Why B2B and B2C experiences are not converging
Lately at Episerver we’ve seen a dramatic increase in the number of articles and individual viewpoints proclaiming the “convergence of B2B and B2C” where ecommerce is concerned.
Are B2B and B2C Converging?
While there are certainly aspects of B2C ecommerce that enhance the B2B customer experience, the fundamental purpose of B2B is much different than that of B2C. The idea that B2B companies must mirror B2C experiences in their entirety is creating expensive, if not dangerous, misalignment within B2B ecommerce initiatives. To create the best B2B ecommerce experiences, we need to focus on the areas in which B2B diverges from B2C. We must build commerce engines that support the unique complexities of B2B, not try to force B2C characteristics onto a completely different process.
The Similarities Between B2B and B2C
It is important, however, to acknowledge that on the surface there are areas where the two buyer experiences do converge. Regardless of whether we’re selling directly to a consumer or to another company, users want an intuitive, easy to navigate experience. Robust, well-designed website taxonomies and multiple points of access are important features no matter the product being purchased.
The rise of Google and other advanced search algorithms have raised the bar for search capability, which effects how users search for both products and content.
Auto-complete, spell check, and fuzzy search are just a few aspects of search that users have grown accustomed to across all experiences.
Product imagery is another area where B2B and B2C commerce needs are similar. B2B buyers and B2C shoppers alike have grown accustomed to multiple angles and views of the product. Application images, 360° rotators, and even videos help further the buyers’ or shoppers’ interest in a particular item. In fact, product imagery can often be the deciding factor in many sales decisions.
And, of course, every ecommerce system needs to provide a user experience that is familiar, whether it’s incorporating best practices around menu structures and labels, or using the commonly recognized icon for a shopping cart.
B2B companies need to create an experience that is relatable to their buyers’ world, both professionally and as an individual consumer. At a top level, a B2B buyer needs to seamlessly and intuitively navigate the fulfillment, or shopping cart, the process in much the same manner as a consumer on a retail ecommerce site.
It’s Essential to Recognize the Differences Between B2B and B2C
By not recognizing that convergence ends here, B2B companies can expose themselves to failed project development efforts, increased chances of expensive re-platforming, and unhappy customers.
As a company with solutions specifically Built for B2B™, we know how costly ecommerce project misfires can be, particularly when they stem from the incorrect assertion that B2B and B2C needs are highly similar.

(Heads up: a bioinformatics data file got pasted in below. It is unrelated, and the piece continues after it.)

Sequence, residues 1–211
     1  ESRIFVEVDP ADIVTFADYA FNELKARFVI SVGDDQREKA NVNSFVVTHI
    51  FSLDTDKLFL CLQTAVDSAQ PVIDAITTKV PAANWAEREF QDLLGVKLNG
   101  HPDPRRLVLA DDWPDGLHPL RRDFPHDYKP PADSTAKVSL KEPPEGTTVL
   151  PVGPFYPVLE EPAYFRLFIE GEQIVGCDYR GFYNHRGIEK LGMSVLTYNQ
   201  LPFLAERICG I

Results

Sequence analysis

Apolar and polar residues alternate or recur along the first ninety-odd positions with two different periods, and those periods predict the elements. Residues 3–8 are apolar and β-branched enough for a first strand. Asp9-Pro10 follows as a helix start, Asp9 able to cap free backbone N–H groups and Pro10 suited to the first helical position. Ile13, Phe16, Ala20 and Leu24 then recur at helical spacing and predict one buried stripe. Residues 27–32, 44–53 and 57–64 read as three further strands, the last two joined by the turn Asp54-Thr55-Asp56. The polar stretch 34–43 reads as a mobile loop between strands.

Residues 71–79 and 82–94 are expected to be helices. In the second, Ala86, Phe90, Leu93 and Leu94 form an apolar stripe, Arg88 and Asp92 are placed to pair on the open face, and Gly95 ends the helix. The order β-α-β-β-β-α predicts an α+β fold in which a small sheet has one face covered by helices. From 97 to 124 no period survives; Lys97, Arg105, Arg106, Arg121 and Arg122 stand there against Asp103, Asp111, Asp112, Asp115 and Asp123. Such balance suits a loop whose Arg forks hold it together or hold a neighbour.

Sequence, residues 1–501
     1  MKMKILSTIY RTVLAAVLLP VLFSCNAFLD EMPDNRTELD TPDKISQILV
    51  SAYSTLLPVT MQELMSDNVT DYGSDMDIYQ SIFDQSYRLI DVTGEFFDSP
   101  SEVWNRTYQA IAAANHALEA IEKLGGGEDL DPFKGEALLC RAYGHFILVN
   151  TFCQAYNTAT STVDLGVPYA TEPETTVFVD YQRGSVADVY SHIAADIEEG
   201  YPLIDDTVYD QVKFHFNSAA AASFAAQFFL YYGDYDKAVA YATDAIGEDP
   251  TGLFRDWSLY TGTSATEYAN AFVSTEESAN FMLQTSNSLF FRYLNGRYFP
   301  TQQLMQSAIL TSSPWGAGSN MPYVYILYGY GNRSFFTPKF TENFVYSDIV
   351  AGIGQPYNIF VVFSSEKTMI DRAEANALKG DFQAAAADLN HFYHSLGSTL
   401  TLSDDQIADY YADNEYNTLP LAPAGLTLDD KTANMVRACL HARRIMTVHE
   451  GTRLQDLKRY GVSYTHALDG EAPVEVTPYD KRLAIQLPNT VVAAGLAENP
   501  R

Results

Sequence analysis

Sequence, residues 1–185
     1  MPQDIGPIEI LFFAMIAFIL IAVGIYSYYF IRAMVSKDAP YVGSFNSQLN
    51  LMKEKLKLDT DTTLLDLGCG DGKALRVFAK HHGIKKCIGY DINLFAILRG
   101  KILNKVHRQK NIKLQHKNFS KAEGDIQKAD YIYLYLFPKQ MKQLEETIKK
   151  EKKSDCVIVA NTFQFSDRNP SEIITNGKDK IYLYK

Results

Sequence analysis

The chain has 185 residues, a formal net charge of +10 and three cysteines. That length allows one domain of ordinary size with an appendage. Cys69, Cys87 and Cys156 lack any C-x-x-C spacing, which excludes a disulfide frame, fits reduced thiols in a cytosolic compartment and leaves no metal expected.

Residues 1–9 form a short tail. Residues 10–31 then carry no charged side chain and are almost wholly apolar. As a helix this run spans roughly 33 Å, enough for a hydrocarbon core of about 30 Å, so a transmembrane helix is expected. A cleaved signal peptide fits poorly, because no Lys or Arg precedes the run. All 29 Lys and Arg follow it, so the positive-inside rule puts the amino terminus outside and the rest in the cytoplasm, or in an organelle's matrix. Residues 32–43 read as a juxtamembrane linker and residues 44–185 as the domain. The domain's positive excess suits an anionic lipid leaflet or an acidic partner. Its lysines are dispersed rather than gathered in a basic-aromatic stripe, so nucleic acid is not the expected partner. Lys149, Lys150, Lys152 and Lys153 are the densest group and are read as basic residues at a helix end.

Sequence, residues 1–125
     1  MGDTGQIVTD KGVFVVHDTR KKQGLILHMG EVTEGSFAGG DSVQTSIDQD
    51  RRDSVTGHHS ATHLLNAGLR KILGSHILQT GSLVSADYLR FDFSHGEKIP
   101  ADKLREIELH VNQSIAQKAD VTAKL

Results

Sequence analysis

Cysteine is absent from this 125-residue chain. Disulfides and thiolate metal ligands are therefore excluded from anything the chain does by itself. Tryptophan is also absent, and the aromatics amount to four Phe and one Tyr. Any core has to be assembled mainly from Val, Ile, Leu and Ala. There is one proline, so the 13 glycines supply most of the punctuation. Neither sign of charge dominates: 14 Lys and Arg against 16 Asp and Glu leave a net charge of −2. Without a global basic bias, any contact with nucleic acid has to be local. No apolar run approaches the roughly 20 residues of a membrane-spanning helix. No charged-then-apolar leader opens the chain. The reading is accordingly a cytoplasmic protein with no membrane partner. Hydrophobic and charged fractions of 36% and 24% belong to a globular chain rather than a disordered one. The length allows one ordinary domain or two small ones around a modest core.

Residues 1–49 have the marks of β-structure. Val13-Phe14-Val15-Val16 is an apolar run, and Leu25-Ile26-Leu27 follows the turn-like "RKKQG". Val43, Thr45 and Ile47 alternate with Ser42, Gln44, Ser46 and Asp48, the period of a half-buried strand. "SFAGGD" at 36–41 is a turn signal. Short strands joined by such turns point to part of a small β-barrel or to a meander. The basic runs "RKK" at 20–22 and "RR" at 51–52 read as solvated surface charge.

Why is this happening, and why have these convergence messages proliferated? Many ecommerce companies built for retail are hugely incentivized to force B2C ecommerce processes into a B2B environment. They have made large investments in ecommerce features built for B2C. They may not have fully evaluated the needs of the B2B user personas, or the complexities of a sophisticated B2B ordering process. Quite frankly, retail B2C ecommerce providers are rushing into a B2B market based on the opportunity of what will likely be a trillion-dollar market by 2020. Unfortunately, their slick marketing promises are failing to deliver in the complex, highly customized world of B2B.
When we examine this problem, we realize that the fundamental purpose of the B2B buying experience is very different, and therefore the mechanics of the experience is different. This results in major divergence, not convergence, between B2B and B2C ecommerce systems.
The 7 Major Points of Divergence Between B2B and B2C
1. B2B buying scenarios are complex and customized.
In B2C the customer experience is typically one too many. One consumer making a decision based on many different choices. Most consumers buy in the same way and follow the same types of processes.
B2B buying experiences, however, are incredibly complex and vary widely by industry, product, company size, and business operation. The B2B buyer is often not really the buyer at all, not in a traditional sense at least, but a procurement expert hired to execute a previously negotiated contract. Those contracts contain specific pricing and promotion agreements for each individual customer. The relationship is many to many; many people, many channels, many products, and many different contractual agreements.
A retail ecommerce solution built for B2C requires major, expensive customizations to map the right processes for each unique engagement scenario native to the B2B world.
Here’s a great example: Consider employees or procurement specialists fulfilling an order on behalf of a branch or job site for replenishment of consumables. They would rather not need to search through every single item manually again, whether by clicking through multiple levels of taxonomy, or performing a search and filtering through a large number of results.
Instead, they want to enter a product identifier (usually a UPC, Model number, or any combination of unique identifiers) into a quick order pad; submit the quantity needed for multiple line items, and with one button click add all of them to a cart. Once in the cart, contract pricing and quantity discounts are automatically applied, and the order is submitted within seconds. Better yet, the procurement personnel may have started a spreadsheet of needs over the past few days or weeks. From there, an order can be uploaded and the B2B ecommerce site can automatically parse it into the cart.